Finland, Norway, and Sweden also have "freedom to roam" policies, or "everyman's rights," which allow residents and visitors alike to hike or camp nearly anywhere, including on private land. It's also part of the region's approach to work-life balance: many businesses in Scandinavian countries encourage employees to go outside each day, even implementing policies that set aside time in the workday for fresh air. The most important part of their outdoor philosophy, though, is how they embrace the cold, dark winter months, as is expressed in the popular saying of Norwegian origin that's now used throughout the region: "There's no such thing as bad weather, only bad clothes." Parents in Scandinavia are known to let their babies nap outside in freezing temperatures to help them sleep better and longer, Finns embrace harsh conditions with their sauna culture, and when the Danes and Swedes aren't skiing, sledding, or to tobogganing, they're practicing hygge, which loosely translates to being cozy.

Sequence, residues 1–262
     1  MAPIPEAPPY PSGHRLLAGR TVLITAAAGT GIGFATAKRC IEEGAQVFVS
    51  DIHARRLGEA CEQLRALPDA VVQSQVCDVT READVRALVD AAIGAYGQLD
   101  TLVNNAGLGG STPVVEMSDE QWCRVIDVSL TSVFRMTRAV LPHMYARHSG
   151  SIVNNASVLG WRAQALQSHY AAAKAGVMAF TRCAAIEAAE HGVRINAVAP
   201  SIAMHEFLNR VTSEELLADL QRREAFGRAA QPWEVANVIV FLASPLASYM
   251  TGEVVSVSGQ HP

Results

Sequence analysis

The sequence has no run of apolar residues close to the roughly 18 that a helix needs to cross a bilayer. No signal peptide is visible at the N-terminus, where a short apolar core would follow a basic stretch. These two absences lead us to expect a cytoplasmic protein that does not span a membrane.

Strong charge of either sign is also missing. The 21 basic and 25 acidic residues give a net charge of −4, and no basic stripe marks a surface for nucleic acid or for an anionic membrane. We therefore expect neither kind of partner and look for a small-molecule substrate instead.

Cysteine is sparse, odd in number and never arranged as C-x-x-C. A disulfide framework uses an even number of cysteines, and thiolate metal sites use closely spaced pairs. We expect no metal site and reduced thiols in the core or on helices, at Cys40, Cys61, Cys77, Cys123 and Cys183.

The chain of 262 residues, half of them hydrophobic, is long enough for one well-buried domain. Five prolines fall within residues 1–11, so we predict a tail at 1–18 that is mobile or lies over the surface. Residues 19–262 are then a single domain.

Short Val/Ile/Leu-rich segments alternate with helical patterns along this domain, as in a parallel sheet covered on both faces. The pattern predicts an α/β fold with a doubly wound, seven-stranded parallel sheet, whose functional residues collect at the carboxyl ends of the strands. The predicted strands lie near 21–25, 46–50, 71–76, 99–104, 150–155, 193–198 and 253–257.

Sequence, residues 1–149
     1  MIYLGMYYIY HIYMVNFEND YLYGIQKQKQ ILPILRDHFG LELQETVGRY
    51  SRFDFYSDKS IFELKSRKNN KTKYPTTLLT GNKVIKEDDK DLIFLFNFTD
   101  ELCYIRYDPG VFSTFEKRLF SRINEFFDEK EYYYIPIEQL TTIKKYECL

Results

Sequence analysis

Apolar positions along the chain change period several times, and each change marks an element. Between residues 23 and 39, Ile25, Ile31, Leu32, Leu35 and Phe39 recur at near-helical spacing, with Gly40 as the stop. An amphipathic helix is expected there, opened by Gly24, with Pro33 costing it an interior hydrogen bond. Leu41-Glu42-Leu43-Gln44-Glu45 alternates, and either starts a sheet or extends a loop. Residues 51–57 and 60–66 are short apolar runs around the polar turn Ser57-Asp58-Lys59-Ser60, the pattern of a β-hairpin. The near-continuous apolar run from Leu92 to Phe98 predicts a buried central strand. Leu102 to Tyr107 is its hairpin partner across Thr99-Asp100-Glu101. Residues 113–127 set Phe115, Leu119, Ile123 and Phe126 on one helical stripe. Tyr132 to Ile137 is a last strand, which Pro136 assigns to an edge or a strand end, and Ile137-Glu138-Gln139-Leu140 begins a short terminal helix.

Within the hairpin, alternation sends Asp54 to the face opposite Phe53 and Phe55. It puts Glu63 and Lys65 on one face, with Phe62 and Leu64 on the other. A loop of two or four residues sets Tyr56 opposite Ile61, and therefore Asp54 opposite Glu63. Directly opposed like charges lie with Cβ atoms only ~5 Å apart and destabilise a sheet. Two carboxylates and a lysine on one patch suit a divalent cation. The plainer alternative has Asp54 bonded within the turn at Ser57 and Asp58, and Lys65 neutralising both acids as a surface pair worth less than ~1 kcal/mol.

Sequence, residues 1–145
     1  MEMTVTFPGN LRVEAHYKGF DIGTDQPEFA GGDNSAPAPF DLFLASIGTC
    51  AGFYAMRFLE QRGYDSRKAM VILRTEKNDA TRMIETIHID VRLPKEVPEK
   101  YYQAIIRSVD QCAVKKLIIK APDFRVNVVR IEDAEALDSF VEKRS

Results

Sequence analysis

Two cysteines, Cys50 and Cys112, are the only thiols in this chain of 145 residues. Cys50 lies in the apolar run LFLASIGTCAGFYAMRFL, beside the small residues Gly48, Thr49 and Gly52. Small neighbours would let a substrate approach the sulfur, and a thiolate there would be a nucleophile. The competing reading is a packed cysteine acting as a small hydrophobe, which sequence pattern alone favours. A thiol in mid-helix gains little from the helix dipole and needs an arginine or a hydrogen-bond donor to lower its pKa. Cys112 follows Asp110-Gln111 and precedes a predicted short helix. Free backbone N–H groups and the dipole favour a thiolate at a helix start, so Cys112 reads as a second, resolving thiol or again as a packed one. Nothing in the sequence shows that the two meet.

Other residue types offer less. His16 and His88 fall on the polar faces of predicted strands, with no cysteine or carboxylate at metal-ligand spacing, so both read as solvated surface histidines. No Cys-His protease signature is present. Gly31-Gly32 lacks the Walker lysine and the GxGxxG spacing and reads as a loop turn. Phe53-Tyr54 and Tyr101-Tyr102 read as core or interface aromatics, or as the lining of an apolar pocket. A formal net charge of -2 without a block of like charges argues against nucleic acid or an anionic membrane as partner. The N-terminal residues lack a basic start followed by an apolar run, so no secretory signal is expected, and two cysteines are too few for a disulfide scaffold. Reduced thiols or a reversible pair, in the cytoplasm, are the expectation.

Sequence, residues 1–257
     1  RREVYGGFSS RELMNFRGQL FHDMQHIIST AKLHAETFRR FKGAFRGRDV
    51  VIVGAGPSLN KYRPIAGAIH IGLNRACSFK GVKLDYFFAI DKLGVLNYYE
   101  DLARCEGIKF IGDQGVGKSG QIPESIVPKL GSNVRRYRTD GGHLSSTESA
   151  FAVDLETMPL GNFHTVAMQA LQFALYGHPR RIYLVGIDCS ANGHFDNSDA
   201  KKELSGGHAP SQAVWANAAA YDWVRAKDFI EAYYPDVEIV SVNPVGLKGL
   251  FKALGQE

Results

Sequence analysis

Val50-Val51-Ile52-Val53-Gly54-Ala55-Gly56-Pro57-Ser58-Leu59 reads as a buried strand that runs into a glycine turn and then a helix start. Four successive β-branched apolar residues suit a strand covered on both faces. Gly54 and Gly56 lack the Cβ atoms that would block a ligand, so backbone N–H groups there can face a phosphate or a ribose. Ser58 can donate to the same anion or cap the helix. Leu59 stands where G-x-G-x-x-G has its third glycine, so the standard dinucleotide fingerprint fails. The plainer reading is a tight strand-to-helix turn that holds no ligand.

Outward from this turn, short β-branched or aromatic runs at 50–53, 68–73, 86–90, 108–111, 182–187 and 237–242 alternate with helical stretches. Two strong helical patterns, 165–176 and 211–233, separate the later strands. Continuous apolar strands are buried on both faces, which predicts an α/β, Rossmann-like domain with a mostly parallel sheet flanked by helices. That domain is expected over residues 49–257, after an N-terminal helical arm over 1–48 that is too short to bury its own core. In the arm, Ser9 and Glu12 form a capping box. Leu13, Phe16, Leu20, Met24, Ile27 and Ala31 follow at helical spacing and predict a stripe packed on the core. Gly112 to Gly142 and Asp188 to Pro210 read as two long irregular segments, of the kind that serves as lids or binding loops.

The other countries that rounded out the top ten--Switzerland, the Netherlands, New Zealand, Austria, and Luxembourg--are also well-known adventure hubs. With its iconic snowcapped peaks, Switzerland is one of Europe's most popular ski and hiking destinations. New Zealand has a system of ten Great Walks that allow even relatively inexperienced backcountry hikers to experience some of the country's most beautiful landscapes for days and weeks at a time. The Netherlands is an established haven for cyclists, with residents making more than 25 percent of their daily trips via bike. 

Posted by orrinj at 12:00 AM


Coronavirus lockdown: Can nature help improve our mood? (Emily Kasriel, 5/03/20, BBC News)

While the impact of experiencing nature on our physical health is less well documented, a wealth of studies have demonstrated the positive effects of the natural world on our mental health.

Even a brief nature fix - 10 minutes of wind brushing across our cheek, or the sun on our skin - can lower stress, explains Dr Mathew White, from the University of Exeter.